We've had this happen many times. We scan the networks of different countries, for example, just to see what's in there. When we find something really concerning, sometimes it's a honey pot. That's something which explains some of the worst things we find, but some of them are actually real.
For people who don't know, what is a honeypot?
Honeypot is a bait system, which looks like a really vulnerable, really important system, but it's only there to get the attackers to attack it. In reality, it's not the system it claims to be at all. It's a trap. For example, we find payment terminals online with default passwords and we look at them. We contact the vendor and they tell us that, “Yes, it's fine. It's a honeypot. You don't have to worry about it.”
Sometimes when we call, for example, factories and tell them, “Hey, your control interfaces are exposed to the internet and there's no password.” You end up with these really weird absurd phone discussions where the factory tells you that, “No, you're wrong, Mikko. You're wrong. Our control interfaces are not on the public internet. They're in a private network. They cannot be accessed from the internet.”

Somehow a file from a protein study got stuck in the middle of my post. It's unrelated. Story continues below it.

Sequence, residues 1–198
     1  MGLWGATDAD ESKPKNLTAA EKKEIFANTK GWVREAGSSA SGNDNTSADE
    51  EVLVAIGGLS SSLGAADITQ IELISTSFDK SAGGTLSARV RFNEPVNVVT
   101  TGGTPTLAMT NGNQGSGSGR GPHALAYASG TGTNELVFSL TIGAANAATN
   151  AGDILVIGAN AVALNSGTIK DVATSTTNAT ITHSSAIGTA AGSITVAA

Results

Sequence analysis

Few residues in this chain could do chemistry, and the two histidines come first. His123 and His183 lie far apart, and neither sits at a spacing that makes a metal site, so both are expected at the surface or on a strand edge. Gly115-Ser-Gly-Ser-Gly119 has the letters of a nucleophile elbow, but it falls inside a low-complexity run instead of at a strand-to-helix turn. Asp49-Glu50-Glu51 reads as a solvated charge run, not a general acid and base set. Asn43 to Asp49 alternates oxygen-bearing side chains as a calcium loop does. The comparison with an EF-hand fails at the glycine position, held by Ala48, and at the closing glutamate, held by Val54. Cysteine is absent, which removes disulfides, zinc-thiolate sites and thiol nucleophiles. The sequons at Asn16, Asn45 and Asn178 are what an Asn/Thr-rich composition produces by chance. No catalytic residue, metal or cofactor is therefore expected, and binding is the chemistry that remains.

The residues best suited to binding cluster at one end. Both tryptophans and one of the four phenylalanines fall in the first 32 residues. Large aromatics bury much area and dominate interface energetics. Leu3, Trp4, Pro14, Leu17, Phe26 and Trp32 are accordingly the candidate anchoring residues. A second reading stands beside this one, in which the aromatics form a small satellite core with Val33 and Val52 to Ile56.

Then I tell them that, “You know what? Believe what you want. I'm looking at your interface right now and I'm in Helsinki, Finland,” and they don't believe me. Then I suggest, “OK, why don't I go and start clicking on these buttons in your interface.” Then they're like, “OK, please don't click on the buttons.”
“Please don't break our hardware or shut down our factory. This could cost us real money.” Speaking of all of this hacking, have you been a victim of a hacking incident yourself?